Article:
Quitting smoking is hard. Yet success is more likely with strong communication between parts of the brain that inhibit and execute automated behavior, report researchers in the journalJAMA Psychiatry.
Smoking becomes an automated behavior over time, said the first author on the study.
In the brain, the urge to smoke begins the same way your foot automatically moves to the gas pedal when a red stoplight turns green. "A pack-a-day smoker places a cigarette in their mouth a few hundred times a day over years," said the author. "It becomes automated."
One way the brain inhibits automated behavior is through a pathway called the inhibitory control network, which starts in the right inferior frontal gyrus and travels through the prefrontal cortex to the thalamus. Communication through this pathway is often disrupted in the brains of smokers. The researchers wanted to know if this pathway was involved when smokers attempted to quit.
The laboratory examined inhibitory control networks in the brains of 81 nicotine-dependent adults committed to trying a 10-week smoking cessation program. Before the program started, the researchers used functional MRI to monitor brain activity while patients were performing a task of inhibitory control. The patients were instructed to strike a computer key each time a colored circle appeared on screen, except on the rare occasion when a circle of a certain color appeared. A higher blood oxygenation level-dependent (BOLD) response in the inhibitory control circuit meant that the brain was using more resources to inhibit the automatic response of striking the key when the rare circle appeared.
After 10 weeks, about half of the smokers had quit successfully. Intriguingly, it turned out that they had lower BOLD responses in their inhibitory control networks before trying to quit. In particular, BOLD responses were lower in the right inferior frontal gyrus and right thalamus. They also had stronger functional connections between those regions. Patients who relapsed had scored just as well on the inhibition control task as those who quit successfully. It seemed that their automated behavior may have required more effort to inhibit.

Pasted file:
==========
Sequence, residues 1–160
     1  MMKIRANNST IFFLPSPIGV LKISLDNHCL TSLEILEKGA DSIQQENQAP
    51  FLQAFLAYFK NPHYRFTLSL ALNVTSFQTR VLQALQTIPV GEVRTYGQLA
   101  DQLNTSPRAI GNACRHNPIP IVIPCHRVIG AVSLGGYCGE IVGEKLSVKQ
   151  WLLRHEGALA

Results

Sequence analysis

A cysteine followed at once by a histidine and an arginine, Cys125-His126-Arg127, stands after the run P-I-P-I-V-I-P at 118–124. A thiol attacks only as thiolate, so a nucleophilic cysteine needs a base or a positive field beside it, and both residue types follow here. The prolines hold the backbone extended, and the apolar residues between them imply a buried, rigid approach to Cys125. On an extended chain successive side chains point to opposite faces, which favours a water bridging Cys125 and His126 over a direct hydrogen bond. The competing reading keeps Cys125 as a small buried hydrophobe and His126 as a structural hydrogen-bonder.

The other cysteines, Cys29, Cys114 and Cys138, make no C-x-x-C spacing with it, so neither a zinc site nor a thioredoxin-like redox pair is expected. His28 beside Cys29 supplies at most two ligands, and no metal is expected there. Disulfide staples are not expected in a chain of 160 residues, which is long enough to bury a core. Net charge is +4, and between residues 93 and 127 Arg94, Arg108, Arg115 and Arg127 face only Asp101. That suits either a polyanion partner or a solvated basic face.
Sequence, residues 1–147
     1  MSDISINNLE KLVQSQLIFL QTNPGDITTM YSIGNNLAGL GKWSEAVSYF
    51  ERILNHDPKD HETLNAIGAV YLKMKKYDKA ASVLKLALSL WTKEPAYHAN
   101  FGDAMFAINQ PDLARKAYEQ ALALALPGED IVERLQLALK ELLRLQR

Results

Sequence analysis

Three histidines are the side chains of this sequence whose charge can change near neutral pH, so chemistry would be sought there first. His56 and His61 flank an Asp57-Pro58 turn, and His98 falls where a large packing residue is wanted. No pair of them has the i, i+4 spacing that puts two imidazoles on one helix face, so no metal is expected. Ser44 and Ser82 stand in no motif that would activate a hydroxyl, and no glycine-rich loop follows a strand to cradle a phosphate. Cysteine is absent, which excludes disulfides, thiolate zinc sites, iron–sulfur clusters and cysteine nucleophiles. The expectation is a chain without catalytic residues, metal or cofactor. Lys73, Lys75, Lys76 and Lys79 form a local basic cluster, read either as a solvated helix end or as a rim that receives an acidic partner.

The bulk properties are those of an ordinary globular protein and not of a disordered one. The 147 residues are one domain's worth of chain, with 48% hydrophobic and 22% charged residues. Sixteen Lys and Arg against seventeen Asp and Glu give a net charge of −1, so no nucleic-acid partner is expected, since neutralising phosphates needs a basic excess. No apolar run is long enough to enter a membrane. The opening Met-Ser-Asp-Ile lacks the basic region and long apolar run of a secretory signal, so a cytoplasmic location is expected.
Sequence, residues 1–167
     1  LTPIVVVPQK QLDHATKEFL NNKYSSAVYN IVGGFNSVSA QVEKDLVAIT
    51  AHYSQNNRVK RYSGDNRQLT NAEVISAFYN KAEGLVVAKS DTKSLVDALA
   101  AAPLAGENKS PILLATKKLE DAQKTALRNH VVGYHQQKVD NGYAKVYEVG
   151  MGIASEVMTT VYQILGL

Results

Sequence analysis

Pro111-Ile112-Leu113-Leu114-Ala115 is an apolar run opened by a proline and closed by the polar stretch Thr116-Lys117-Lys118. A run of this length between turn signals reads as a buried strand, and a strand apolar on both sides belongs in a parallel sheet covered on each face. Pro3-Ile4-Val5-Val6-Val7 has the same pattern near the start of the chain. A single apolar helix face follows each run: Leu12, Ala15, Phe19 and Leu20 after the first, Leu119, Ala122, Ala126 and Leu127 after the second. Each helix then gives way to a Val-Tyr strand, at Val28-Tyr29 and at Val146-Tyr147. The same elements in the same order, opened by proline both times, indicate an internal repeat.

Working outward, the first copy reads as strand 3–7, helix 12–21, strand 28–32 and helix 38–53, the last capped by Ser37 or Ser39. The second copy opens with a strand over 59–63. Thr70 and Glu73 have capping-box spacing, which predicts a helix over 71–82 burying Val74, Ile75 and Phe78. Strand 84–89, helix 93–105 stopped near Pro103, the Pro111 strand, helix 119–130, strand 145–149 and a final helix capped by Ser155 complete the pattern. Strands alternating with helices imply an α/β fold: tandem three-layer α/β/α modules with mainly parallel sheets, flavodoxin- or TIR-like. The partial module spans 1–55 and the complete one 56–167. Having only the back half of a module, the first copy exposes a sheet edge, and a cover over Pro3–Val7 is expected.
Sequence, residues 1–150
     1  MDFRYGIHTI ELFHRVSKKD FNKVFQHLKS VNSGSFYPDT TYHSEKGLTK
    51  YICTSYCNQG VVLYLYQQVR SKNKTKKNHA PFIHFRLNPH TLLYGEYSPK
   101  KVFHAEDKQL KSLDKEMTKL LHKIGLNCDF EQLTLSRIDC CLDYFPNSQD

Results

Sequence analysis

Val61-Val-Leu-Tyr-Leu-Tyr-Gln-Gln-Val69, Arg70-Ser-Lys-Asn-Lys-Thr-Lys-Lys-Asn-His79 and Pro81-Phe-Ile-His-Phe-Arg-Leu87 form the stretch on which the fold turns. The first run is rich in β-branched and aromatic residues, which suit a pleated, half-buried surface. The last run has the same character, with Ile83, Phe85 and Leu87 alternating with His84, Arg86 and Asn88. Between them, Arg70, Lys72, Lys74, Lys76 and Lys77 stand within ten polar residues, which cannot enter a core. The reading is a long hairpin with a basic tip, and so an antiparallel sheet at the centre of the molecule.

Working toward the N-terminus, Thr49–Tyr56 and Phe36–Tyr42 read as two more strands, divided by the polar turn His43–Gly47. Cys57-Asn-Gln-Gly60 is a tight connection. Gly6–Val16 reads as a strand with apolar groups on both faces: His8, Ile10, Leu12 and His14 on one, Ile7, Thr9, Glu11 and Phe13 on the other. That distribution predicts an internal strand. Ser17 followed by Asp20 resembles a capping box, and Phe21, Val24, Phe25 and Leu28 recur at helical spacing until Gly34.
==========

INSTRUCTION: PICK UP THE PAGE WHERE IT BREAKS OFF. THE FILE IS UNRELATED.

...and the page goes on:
The authors wondered if the same thing happened to smokers who had not committed to quitting. Specifically, could this pattern appear in smokers who were paid to quit for just an hour?
The group measured BOLD signals in 26 smokers performing the same task. This time, however, each person was then presented with an open pack of their preferred brand of cigarettes, a lighter, and an ashtray. They were paid one dollar for every six minutes they did not smoke, up to an hour. The idea was to give each person a small incentive to resist the temptation to smoke.
The results converged nicely. In general, the lower the BOLD response during the task of inhibitory control, the longer the person resisted smoking. Those who resisted temptation longer also had stronger functional connections in their inhibitory control networks.
This study is the first to link the strength of communication in a brain circuit that inhibits automated behavior with the ability to resist smoking.
This does not mean that smoking itself is the cause of the differences the researchers observed. Rather, this study was designed to learn how to better help smokers who want to quit. The group is now evaluating the potential of certain behavioral and pharmacological treatments that could strengthen communication in the inhibitory control pathway of people who smoke.
This work highlights that differences in biology can help explain why some smokers who are trying to resist smoking have more success than others.
"There are neurobiological mechanisms that are fundamental to learning new behaviors and also to stopping those that become automated, such as smoking," said the author.